by Kristen Hogan
Duke University Press, 2016
eISBN: 978-0-8223-7433-6 | Cloth: 978-0-8223-6110-7 | Paper: 978-0-8223-6129-9
Library of Congress Classification HQ75.6.U5H64 2016

From the 1970s through the 1990s more than one hundred feminist bookstores built a transnational network that helped shape some of feminism's most complex conversations. Kristen Hogan traces the feminist bookstore movement's rise and eventual fall, restoring its radical work to public feminist memory. The bookwomen at the heart of this story—mostly lesbians and including women of color—measured their success not by profit, but by developing theories and practices of lesbian antiracism and feminist accountability. At bookstores like BookWoman in Austin, the Toronto Women’s Bookstore, and Old Wives’ Tales in San Francisco, and in the essential Feminist Bookstore News, bookwomen changed people’s lives and the world. In retelling their stories, Hogan not only shares the movement's tools with contemporary queer antiracist feminist activists and theorists, she gives us a vocabulary, strategy, and legacy for thinking through today's feminisms.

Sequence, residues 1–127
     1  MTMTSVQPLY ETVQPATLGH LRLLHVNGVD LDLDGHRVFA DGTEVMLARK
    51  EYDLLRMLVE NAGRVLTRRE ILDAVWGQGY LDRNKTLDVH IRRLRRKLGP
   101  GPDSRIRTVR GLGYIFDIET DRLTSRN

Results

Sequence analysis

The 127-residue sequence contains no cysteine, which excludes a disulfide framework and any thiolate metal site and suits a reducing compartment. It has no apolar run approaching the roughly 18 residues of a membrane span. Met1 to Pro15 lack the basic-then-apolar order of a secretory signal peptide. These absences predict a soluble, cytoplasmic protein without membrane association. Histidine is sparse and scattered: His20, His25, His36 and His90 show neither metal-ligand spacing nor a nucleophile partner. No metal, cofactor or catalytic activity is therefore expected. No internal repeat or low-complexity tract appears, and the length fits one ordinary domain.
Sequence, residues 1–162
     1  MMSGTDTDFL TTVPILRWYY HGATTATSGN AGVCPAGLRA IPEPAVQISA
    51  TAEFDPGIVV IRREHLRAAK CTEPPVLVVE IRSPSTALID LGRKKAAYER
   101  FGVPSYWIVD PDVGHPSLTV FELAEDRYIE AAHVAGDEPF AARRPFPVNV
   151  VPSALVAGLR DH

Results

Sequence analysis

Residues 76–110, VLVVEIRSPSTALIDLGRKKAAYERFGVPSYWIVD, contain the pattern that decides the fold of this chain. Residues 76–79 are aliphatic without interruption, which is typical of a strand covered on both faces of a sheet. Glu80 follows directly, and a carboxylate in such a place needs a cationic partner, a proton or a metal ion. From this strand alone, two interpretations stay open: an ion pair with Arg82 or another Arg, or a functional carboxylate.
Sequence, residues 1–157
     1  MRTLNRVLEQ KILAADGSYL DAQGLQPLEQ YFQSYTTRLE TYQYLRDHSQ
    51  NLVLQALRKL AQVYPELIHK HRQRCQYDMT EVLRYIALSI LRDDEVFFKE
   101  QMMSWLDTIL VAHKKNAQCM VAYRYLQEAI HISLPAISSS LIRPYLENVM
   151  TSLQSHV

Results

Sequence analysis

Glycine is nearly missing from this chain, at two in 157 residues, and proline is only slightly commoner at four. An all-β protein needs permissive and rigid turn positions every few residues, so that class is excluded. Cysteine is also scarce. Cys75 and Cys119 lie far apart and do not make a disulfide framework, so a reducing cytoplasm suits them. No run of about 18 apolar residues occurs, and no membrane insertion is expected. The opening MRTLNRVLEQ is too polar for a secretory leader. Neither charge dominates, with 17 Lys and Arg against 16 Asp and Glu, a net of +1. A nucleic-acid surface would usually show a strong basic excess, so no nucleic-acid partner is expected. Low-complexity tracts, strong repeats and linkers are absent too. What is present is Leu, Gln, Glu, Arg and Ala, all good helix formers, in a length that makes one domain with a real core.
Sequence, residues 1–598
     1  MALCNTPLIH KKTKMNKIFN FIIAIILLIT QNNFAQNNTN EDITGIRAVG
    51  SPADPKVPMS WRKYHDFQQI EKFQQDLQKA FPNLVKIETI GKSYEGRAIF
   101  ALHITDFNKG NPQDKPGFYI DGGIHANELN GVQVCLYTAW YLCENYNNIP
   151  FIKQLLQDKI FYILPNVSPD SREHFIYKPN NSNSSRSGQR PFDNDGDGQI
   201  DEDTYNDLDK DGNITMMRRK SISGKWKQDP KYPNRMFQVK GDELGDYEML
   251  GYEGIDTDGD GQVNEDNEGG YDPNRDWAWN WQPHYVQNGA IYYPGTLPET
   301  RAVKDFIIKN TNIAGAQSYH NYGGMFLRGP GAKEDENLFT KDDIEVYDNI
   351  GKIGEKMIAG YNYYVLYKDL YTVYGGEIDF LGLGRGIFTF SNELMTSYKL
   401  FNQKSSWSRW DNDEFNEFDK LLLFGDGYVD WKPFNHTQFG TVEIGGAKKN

See other books on: Accountability | Anti-racism | Feminist literature | Lesbian feminism | Lesbian Studies
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